Monday, October 18, 2010 at 7:00 AM
When we're not out scanning and subsequently trying to read all the world's books, some of us on the Google Books team actually like to watch television. So it is with some remorse that we watched Sunday's season finale of Mad Men, AMC's hit drama about a 1960s advertising agency--which, if you live in the US and you haven't already heard of it or had someone in your life gush about it, you really should get out more.
Besides providing ample display of period costumes and vices (smoking, boozing, adultery) the show is satisfying for its novel examination of the world of advertising. In depicting the creative process of the fictional advertising agency Sterling Cooper Draper Price, Mad Men argues that the catchphrases and images used to sell us beer and cereal reveal deeper truths about who we are as a culture.
For some Ad Analysis 101, we harnessed the power of Google Magazine Search to look at some actual ads from 1964, the initial setting for the current season of Mad Men. These cultural artifacts hint at an American society on the brink of historical social change.
On the show, Don Draper and company struggle to market Lucky Strike cigarettes to a public increasingly aware of the hazards of smoking cigarettes. In this 1964 ad for the brand, one can see the transition away from previous means of marketing cigarettes. For example, compare the 1964 ad to this 1955 from LIFE:
In 1955, smoking Lucky Strike is for lovers. In 1964, smoking Lucky Strikes is for the well-versed cigarette connoisseurs. The 1964 ad emphasizes taste above all else with the word underlined and repeated four times. Rather than a couple enjoying the romantic ritual of lighting up, this later campaign includes just the image of an anonymous set of lips ready for tasting this "fine tobacco at its best."
By focusing in on the taste of cigarettes, perhaps the architects of the 1964 ad were speaking to a population already hooked on cigarettes. Whereas the earlier ad uses romantic imagery to attract new smokers, the later ad highlights the physical and gustatory sensation to an audience that is already craves them--even if scientists are starting to say they shouldn't.
In a Mad Men episode that some critics called the best of series, Don Draper and his ambitious protégé Peggy Olsen bicker over how best to compose a campaign for the the suitcase maker Samsonite. At one point Peggy presents an idea involving the celebrity endorsement of Joe Namath and cites the quarterback's good looks as an obvious selling point for women. Don rebuffs Peggy, saying, "Women don't buy suitcases." As the above two-page ad from LIFE clearly shows, the real ad men behind Samsonite's 1964 campaigns weren't so sure about that.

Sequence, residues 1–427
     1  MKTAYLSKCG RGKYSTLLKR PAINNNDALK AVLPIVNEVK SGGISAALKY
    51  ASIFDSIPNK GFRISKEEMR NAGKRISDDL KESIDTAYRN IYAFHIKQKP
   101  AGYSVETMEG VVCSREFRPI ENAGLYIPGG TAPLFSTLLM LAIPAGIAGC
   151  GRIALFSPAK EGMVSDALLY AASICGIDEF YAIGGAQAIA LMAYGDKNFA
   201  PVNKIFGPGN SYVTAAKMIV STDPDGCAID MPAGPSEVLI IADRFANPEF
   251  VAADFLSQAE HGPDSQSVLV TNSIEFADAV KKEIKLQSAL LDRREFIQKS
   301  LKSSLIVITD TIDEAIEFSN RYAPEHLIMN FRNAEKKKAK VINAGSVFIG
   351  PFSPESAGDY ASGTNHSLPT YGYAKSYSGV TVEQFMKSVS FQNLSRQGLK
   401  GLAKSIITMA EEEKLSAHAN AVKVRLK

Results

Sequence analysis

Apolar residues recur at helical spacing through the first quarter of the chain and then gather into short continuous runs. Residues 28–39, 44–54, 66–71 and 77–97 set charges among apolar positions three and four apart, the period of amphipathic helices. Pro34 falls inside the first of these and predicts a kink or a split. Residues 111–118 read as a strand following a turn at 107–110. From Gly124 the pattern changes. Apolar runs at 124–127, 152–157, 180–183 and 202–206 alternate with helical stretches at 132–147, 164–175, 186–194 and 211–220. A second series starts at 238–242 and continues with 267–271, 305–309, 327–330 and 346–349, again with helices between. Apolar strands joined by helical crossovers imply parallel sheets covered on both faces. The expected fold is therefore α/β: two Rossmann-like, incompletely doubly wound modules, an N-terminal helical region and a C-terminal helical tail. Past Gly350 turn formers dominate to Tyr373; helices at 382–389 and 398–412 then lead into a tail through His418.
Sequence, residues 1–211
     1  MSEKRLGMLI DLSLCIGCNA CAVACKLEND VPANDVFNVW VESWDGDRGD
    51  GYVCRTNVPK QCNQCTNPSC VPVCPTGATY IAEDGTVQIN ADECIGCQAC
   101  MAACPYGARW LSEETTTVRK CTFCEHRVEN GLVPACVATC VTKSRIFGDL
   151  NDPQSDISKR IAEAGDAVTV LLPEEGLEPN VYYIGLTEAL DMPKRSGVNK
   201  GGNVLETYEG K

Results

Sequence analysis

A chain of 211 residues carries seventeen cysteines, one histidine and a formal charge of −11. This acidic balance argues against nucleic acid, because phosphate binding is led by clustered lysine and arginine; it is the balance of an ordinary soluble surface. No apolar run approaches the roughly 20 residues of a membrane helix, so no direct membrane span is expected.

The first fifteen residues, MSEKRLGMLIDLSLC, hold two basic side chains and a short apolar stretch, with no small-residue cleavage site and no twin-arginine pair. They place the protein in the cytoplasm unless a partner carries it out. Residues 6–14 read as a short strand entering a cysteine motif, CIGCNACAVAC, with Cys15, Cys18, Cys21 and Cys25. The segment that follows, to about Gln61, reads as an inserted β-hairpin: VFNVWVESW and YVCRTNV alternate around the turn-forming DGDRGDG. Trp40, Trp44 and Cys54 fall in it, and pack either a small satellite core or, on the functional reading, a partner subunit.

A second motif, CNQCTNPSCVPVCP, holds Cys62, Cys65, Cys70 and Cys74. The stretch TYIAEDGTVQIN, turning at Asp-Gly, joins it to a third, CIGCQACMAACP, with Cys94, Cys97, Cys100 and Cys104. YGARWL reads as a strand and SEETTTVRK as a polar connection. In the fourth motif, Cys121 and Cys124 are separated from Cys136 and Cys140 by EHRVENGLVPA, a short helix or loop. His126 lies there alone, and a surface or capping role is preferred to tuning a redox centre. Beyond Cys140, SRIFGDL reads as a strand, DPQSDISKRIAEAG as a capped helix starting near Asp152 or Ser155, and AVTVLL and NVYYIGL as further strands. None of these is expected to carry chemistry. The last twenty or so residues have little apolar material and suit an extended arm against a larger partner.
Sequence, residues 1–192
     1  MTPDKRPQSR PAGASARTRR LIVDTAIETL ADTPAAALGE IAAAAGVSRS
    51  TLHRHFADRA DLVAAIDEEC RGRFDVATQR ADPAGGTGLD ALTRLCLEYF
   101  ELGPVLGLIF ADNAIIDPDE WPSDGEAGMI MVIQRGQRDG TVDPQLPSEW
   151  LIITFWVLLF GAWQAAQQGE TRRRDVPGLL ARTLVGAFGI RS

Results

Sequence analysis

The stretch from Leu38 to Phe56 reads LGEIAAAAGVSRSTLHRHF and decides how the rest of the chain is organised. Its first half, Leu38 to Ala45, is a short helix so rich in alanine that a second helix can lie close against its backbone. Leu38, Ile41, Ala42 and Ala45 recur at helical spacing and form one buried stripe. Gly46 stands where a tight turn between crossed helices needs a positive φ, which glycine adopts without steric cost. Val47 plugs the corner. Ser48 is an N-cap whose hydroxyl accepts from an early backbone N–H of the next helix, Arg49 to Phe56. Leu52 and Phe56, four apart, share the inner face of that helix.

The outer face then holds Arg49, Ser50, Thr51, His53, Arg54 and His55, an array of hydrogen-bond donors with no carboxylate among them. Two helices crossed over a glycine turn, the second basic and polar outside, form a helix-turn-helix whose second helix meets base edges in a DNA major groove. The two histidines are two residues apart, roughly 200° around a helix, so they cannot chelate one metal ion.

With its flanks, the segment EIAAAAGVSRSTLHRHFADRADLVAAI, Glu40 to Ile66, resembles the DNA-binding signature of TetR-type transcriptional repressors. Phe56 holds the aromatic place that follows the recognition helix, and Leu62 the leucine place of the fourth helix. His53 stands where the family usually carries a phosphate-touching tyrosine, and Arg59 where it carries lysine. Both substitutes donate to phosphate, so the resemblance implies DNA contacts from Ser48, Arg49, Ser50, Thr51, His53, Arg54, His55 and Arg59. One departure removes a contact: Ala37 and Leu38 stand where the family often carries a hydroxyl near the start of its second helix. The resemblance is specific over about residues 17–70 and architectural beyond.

While the Samsonite Silhouette is "handsome, rugged and trim" for him, it's also
"an elegant summer traveler" for her. This split page ad suggests that advertisers were wary of alienating their male audience by focusing their energies on woman. But they were also growing increasingly aware of the power of marketing to female consumers.
While the guys and gals of Sterling Cooper Draper Pryce didn't pen any copy for Pepsi-Cola, this campaign from the soda giant justly belongs in this blog post in that it is part to the larger canon of 1960s iconic advertising. It was named by Advertising Age as one of the top ad campaigns of the century (#21 on the list of 100). This particular spot from a July 1964 issue of LIFE illustrates where advertisers were increasingly aiming their attentions: the young.
The copy reads: "The horizons of thinking young stretch across the land from sea to sea. The mood is healthy; the drink is Pepsi." The reference to the horizon and the literal one stretching out behind this contented, attractive California couple, echo the "New Frontier" of Kennedy's 1960 Inauguration. The ad capitalizes on the lingering hopefulness of a country about to be mired in a protracted war and a divisive national discussion that pitted old against young.
Pepsi's 1964 advertising also reveals the extent to which advertisers were awakening to the growing market of African Americans. This ad from an October 1964 Ebony provides an African American corollary to the otherwise white campaign found in most other magazines.
LBJ signed the Civil Rights Act into law only a few months before the publication of this particular ad, and the inclusive tone of "Come Alive! You're in the Pepsi Generation" links drinking Pepsi with integration. In this ad, they're not just selling soda, they're also selling promises of equality.
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We'll have to wait awhile for a return to the 1960s via the exploits of Don, Peggy and the rest, but the 60s--and many other historical periods--are alive and swinging in Google Magazine Search. To do your own investigation of historic advertising, you can search Google Magazine through the Advanced Search option. With fully searchable text, including the ads, you too can probe such weighty questions about meaning and identity--also, less weighty ones like this.